Billions Served

Ronald Bailey
March 27, 2000
Reason Magazine

REASON Science Correspondent Ronald Bailey met with Borlaug at Texas A&M, where he is Distinguished Professor in the Soil and Crop Sciences Department and still teaches classes on occasion. Despite his achievements, Borlaug is a modest man who works out of a small windowless office in the university's agricultural complex. A few weeks before the interview, Texas A&M honored Borlaug by naming its new agricultural biotechnology center after him. "We have to have this new technology if we are to meet the growing food needs for the next 25 years," Borlaug declared at the dedication ceremony. If the naysayers do manage to stop agricultural biotech, he fears, they may finally bring on the famines they have been predicting for so long.

Reason: You mentioned that you are afraid that the doomsayers could stop the progress in food production.

Borlaug: It worries me, if they gum up all of these developments. It's elitism, and the American people are vulnerable to this, too. I'm talking about the extremists here and in Western Europe....In the U.S., 98 percent of consumers live in cities or urban areas or good-size towns. Only 2 percent still live out there on the land. In Western Europe also, a big percentage of the people live off the farms, and they don't understand the complexities of agriculture. So they are easily swayed by these scare stories that we are on the verge of being poisoned out of existence by farm chemicals.

Bruce Ames, the head of biochemistry at Berkeley, has analyzed hundreds and hundreds of foods, including all of the basic ones that we have been eating from the beginning of agriculture up to the present time. He has found that they contain trace amounts of many completely natural chemical compounds that are toxic or carcinogenic, but they're present in such small quantities that they apparently don't affect us".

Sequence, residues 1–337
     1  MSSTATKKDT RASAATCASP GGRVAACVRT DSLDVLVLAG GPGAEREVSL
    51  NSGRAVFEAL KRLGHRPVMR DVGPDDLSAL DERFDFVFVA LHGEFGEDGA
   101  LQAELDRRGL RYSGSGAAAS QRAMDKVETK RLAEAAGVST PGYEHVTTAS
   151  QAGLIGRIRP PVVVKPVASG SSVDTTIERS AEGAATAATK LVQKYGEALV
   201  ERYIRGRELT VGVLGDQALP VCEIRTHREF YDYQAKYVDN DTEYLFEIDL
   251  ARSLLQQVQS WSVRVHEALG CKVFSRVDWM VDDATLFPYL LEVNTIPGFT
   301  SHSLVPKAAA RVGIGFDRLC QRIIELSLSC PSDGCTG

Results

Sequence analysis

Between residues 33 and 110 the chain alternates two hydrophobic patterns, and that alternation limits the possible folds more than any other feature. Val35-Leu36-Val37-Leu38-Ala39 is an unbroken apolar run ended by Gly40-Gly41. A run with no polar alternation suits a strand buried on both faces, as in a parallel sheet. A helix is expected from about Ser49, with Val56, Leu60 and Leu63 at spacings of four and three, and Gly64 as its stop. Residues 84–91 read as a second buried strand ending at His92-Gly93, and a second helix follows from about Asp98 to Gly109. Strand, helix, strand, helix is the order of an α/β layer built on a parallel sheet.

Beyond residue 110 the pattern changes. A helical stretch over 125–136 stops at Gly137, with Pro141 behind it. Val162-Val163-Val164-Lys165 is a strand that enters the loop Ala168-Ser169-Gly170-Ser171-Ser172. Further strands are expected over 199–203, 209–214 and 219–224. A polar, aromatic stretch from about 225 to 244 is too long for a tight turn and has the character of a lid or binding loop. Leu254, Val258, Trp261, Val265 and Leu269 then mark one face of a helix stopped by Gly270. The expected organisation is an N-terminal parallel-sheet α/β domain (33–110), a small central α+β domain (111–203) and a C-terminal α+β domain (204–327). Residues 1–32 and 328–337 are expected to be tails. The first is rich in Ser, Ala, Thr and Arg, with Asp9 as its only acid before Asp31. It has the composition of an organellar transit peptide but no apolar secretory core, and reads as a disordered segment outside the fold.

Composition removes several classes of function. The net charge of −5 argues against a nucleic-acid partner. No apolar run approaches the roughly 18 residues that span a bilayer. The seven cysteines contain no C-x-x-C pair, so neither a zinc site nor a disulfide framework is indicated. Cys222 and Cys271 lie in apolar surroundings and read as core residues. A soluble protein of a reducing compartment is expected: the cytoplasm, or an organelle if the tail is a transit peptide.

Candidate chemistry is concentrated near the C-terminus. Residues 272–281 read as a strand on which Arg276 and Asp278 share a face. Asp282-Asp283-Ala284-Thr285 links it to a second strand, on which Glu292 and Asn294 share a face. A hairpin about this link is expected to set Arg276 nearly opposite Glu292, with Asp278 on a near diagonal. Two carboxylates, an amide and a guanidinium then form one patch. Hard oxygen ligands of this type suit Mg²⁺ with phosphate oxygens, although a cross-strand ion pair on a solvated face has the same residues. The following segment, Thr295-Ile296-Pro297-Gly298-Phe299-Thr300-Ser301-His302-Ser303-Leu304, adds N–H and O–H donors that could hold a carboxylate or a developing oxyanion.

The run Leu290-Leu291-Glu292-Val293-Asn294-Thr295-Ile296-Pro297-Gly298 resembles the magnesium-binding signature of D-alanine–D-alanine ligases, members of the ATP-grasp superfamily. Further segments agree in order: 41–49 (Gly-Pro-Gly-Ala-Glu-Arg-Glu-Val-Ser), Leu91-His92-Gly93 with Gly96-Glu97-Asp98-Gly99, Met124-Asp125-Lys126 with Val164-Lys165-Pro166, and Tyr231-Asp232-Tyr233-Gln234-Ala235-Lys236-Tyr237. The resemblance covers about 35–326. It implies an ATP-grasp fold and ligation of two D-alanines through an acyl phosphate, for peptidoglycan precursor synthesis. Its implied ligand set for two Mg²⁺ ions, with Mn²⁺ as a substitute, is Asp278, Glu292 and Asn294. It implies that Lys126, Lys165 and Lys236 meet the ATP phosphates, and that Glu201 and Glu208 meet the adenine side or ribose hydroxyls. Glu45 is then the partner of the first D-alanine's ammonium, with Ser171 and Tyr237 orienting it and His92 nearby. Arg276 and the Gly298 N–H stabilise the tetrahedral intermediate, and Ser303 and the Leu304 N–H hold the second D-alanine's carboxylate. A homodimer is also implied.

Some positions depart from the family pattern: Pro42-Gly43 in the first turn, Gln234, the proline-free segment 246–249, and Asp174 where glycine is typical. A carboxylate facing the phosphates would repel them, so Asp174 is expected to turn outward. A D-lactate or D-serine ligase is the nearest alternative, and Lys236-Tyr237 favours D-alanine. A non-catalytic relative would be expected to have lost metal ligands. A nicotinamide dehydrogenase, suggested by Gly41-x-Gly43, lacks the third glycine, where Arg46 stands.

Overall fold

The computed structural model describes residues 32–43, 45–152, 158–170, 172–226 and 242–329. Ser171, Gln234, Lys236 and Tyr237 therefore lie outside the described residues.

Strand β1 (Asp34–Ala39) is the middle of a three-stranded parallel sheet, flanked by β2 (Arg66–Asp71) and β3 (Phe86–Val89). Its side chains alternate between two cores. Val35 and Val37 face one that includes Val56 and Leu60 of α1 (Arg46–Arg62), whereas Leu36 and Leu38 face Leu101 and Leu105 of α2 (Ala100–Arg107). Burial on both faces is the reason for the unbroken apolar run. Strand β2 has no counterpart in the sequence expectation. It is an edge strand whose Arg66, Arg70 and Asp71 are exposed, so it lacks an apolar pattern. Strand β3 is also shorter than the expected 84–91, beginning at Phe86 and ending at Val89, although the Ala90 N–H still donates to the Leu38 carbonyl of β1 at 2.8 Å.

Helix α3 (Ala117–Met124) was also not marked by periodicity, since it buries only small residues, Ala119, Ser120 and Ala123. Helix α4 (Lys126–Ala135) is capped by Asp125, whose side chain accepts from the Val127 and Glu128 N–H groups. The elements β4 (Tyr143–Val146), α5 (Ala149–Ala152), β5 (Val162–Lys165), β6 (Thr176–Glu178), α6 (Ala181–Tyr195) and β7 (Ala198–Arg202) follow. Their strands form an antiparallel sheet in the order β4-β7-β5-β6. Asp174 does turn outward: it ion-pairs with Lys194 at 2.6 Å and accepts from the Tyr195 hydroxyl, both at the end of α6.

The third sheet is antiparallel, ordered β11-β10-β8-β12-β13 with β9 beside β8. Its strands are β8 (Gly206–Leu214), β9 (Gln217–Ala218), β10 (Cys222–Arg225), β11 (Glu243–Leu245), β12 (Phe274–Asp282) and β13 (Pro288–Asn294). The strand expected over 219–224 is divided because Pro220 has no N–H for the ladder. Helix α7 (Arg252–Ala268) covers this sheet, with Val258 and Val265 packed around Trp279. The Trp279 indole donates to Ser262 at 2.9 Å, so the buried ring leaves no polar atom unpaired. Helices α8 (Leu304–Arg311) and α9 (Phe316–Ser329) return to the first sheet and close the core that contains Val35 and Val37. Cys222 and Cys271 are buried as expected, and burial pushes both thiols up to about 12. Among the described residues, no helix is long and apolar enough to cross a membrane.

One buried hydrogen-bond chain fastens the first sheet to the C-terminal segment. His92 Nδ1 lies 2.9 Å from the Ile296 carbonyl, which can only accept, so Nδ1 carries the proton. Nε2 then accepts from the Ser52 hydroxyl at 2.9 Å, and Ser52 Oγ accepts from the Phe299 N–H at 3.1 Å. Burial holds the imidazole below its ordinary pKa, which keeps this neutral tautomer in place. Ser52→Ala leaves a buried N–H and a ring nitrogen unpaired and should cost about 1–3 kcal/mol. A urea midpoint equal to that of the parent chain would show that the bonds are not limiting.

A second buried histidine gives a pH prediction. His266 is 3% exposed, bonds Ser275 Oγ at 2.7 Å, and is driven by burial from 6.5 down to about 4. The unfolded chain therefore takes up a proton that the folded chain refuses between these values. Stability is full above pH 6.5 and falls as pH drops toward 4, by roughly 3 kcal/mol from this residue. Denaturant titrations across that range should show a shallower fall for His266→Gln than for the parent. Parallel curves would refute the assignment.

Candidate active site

Reason: Could genetically engineered crops help farmers in developing countries?

Borlaug: Biotech has a big potential in Africa, not immediately, but down the road. Five to eight years from now, parts of it will play a role there.

Reason: What do you see as the future of biotechnology in agriculture?

Borlaug: Biotechnology will help us do things that we couldn't do before, and do it in a more precise and safe way. Biotechnology will allow us to cross genetic barriers that we were never able to cross with conventional genetics and plant breeding. In the past, conventional plant breeders were forced to bring along many other genes with the genes, say, for insect or disease resistance that we wanted to incorporate in a new crop variety. These extra genes often had negative effects, and it took years of breeding to remove them. Conventional plant breeding is crude in comparison to the methods that are being used with genetic engineering. However, I believe that we have done a poor job of explaining the complexities and the importance of biotechnology to the general public.

Reason: A lot of activists say that it's wrong to cross genetic barriers between species. Do you agree?

Borlaug: No. As a matter of fact, Mother Nature has crossed species barriers, and sometimes nature crosses barriers between genera--that is, between unrelated groups of species. Take the case of wheat. It is the result of a natural cross made by Mother Nature long before there was scientific man.

Reason: Environmentalists say agricultural biotech will harm biodiversity.

Borlaug: I don't believe that. If we grow our food and fiber on the land best suited to farming with the technology that we have and what's coming, including proper use of genetic engineering and biotechnology, we will leave untouched vast tracts of land, with all of their plant and animal diversity.

Reason: A lot of environmental activists claim that the BT toxin gene, which is derived from Bacillus thuringiensis and which has been transferred into corn and cotton, is going to harm beneficial insects like the monarch butterfly. Is there any evidence of that?